PORTLAND, Ore. – Mayor Charlie Hales wants state lawmakers to ban the sale of assault rifles and high-capacity magazines and has called a Monday news conference to talk about gun violence.
Both Hales and his spokesperson are keeping the details of that news conference a mystery, but on page 36 of Hales' proposed 2013 State Legislative Priorities for the city there is a plan to support statewide legislation banning assault weapons and high-capacity magazines.
At his public swearing-in, Hales signaled plans to use the Portland mayor's office to address "the access to high-powered firearms and big magazines, which we've seen tragically go against the better interest of the people in this country."
Then on Thursday, Hales posted on Facebook: "Big announcement coming Monday regarding gun violence throughout the nation. Stay tuned."
Hales has said he wants Americans to stay angry about the shootings in Connecticut and at Clackamas Town Center, but he also recognizes Oregon's gun control debate will be settled in Salem.
"It is a state legislative issue – that's where the power is on that issue," he said on the day he was sworn in. "So I'll be advocating on that as well, and I hope all four of my counsel colleagues feel the same way."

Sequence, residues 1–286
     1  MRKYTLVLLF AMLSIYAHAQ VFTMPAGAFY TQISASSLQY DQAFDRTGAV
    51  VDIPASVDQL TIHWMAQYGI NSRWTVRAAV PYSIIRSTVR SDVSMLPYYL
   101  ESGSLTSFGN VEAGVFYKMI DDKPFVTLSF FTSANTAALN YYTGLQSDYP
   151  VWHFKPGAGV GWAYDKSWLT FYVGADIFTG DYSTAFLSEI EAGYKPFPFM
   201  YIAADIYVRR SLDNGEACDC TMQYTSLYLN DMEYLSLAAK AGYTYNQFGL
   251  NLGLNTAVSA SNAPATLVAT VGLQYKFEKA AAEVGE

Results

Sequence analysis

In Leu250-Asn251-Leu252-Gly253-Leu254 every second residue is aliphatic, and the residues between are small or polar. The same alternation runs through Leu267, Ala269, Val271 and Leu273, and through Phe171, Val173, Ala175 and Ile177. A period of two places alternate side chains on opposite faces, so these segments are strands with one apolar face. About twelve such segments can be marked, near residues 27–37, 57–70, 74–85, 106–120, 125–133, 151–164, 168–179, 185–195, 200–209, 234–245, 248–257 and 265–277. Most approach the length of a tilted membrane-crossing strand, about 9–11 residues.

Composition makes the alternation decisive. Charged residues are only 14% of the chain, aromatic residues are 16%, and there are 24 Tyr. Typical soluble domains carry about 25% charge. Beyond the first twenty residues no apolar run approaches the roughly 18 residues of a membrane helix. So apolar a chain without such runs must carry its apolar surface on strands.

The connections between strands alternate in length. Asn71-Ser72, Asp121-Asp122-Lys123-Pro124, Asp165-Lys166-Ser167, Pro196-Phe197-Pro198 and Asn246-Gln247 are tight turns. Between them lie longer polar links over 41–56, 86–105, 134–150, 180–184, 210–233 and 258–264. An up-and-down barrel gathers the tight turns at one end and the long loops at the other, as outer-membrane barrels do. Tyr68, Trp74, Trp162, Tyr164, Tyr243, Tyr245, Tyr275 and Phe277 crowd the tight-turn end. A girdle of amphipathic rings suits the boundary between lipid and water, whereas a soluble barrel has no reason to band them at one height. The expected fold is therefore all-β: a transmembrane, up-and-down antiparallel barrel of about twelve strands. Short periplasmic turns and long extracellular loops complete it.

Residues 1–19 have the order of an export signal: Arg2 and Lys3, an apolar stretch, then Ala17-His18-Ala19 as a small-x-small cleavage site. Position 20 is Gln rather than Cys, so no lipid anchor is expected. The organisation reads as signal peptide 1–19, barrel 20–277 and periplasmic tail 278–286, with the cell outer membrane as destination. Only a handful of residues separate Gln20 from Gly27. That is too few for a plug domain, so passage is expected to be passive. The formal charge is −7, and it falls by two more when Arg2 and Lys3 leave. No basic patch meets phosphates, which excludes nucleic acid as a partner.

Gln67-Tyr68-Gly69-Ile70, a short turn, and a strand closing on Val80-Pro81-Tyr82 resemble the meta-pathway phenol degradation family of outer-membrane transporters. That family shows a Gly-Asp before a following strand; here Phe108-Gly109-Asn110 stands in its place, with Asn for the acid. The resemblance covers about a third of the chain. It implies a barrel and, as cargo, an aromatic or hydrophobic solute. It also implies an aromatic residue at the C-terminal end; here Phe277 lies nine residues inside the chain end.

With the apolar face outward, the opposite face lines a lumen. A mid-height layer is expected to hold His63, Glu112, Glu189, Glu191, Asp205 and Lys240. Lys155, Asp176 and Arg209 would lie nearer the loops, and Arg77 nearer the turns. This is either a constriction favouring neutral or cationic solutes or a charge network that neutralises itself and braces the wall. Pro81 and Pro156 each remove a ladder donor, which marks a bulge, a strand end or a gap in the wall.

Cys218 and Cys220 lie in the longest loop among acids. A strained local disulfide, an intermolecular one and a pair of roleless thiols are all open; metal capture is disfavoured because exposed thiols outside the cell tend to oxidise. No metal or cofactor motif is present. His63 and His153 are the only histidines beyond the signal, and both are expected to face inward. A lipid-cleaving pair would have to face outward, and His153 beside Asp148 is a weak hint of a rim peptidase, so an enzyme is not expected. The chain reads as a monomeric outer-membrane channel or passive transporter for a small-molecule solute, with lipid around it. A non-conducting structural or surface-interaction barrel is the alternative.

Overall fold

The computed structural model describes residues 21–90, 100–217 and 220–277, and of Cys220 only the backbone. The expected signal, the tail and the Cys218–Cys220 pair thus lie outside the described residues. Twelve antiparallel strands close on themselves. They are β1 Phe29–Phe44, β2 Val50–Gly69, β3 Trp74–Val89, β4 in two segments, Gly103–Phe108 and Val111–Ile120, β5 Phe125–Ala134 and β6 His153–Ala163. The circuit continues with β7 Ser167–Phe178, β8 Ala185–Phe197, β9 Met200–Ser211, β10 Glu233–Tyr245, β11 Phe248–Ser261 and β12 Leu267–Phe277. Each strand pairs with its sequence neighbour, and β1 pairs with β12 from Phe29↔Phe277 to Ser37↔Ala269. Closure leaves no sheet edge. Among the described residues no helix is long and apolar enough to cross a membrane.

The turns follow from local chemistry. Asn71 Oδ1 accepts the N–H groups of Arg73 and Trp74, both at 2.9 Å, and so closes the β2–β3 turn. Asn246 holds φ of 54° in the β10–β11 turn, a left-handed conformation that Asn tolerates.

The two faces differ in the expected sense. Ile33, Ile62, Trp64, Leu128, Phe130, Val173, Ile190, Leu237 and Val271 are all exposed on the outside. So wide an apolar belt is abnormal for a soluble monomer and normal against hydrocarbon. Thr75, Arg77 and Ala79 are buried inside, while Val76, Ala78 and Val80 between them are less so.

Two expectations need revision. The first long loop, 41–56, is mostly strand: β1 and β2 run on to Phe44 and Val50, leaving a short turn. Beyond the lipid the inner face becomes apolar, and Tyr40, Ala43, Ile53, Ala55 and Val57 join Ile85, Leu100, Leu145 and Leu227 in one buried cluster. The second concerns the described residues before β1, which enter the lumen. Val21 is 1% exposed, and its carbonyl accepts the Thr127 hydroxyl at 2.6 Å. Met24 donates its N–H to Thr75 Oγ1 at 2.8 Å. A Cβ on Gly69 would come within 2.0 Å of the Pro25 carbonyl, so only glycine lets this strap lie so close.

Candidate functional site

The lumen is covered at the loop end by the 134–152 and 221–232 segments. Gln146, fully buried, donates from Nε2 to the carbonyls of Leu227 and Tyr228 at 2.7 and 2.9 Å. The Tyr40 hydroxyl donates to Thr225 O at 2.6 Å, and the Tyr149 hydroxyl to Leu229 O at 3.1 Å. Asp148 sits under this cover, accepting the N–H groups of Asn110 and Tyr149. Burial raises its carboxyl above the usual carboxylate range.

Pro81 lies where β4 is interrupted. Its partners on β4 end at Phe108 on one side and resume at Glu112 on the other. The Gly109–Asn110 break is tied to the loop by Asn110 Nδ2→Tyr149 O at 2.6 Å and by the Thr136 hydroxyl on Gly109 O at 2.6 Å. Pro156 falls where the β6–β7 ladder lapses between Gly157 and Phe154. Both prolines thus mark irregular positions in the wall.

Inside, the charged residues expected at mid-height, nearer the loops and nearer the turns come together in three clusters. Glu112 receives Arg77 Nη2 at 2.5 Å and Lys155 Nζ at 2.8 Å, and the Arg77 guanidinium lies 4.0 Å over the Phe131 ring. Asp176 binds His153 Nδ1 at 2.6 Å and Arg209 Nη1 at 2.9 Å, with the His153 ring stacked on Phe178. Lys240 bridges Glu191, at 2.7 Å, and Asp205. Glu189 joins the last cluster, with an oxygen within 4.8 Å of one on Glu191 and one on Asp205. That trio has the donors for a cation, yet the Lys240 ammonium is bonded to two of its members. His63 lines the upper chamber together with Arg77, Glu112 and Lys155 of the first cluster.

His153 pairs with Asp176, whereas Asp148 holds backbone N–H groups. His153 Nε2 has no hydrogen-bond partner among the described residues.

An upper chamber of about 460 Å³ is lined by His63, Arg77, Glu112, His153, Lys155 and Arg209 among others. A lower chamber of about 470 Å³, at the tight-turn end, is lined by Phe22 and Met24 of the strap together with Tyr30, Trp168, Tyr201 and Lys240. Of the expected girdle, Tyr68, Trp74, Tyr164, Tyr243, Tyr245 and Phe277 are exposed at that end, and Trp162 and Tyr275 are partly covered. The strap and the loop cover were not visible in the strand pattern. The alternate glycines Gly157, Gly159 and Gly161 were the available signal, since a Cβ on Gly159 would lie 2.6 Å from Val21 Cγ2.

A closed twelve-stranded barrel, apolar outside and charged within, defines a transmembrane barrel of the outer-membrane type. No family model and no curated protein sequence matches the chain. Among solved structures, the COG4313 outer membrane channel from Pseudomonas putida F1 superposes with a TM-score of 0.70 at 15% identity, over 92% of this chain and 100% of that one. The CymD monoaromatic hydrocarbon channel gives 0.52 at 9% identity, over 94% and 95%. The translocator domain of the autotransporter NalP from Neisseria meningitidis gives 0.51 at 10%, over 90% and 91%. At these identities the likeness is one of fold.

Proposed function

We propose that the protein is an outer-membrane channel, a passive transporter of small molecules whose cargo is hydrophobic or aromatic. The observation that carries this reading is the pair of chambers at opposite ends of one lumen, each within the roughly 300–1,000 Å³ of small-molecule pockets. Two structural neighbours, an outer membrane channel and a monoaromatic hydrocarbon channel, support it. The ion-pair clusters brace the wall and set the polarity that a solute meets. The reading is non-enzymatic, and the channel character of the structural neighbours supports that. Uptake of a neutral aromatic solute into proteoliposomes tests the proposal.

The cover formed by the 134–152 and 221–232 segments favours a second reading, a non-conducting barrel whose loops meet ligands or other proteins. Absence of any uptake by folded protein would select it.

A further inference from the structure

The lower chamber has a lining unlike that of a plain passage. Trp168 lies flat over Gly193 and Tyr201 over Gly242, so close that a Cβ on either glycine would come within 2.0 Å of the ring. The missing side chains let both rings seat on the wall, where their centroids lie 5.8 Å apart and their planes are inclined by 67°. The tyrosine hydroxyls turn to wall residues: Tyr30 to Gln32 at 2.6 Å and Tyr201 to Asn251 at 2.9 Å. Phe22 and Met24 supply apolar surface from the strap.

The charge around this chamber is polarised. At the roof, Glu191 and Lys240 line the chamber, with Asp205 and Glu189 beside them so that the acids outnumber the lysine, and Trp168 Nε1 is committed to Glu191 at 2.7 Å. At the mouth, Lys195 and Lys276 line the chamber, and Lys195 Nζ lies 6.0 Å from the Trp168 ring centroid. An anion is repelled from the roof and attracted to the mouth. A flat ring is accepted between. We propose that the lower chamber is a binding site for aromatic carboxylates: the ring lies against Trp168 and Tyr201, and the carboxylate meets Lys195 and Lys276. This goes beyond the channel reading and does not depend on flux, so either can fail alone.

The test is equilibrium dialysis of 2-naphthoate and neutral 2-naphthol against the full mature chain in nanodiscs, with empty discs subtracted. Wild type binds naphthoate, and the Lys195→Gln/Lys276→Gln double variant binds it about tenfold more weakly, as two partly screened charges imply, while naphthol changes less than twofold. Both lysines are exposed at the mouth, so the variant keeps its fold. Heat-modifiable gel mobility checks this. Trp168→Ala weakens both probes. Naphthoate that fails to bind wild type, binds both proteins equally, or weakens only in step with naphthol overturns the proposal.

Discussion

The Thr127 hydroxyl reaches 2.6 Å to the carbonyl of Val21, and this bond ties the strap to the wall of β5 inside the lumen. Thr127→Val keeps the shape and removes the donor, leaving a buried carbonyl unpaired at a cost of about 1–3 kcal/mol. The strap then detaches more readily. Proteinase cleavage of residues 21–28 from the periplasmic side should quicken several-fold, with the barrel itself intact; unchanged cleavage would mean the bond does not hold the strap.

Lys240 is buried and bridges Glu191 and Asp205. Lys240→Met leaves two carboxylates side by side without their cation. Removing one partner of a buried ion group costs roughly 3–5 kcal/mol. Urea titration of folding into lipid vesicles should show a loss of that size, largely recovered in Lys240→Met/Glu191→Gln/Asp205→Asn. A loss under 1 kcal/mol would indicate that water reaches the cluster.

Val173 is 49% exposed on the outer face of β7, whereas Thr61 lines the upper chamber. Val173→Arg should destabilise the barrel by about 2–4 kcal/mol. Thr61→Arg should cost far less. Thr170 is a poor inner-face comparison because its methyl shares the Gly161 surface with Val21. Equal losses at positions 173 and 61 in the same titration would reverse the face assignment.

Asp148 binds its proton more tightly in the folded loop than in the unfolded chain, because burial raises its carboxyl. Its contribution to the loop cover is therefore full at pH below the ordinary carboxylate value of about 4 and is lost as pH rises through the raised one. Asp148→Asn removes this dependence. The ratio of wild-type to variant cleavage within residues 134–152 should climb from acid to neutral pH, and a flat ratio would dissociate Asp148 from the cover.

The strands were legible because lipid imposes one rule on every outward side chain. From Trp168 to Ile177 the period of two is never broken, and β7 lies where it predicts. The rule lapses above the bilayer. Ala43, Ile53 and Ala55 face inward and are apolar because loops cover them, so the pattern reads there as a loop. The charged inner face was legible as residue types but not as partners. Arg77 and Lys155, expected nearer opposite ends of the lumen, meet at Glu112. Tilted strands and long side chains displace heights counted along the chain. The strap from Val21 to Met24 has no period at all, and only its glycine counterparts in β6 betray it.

Appearing on this week's "Your Voice, Your Vote," state Sen. Mark Hass, D-Beaverton, said he's ready to talk.
"Military assault weapons – if we could limit peoples' access to those, I'd be supportive of that," he said. "The same with those magazines, I don't think there's any place – hunters don't need 60 rounds per second."
But Sen. Bruce Starr, R-Hillsboro, was more cautious.
"Can we come together on a solution that balances the need for public safety and protecting our school kids and our vulnerable populations in a way that also balances Oregonians' constitutional rights? That's the challenge," he said.
The legislative session kicks off Feb. 4, and there is legislation planned that would outlaw assault weapons and high-capacity magazines. Many firearms enthusiasts are opposed to such a ban though, questioning its effectiveness.
Hales' proposed state legislative agenda also includes calls for paid sick leave expansion statewide, limits on lottery retailers in concentrated areas, such as Hayden Island, and support for a mileage tax to offset shrinking gas tax revenues.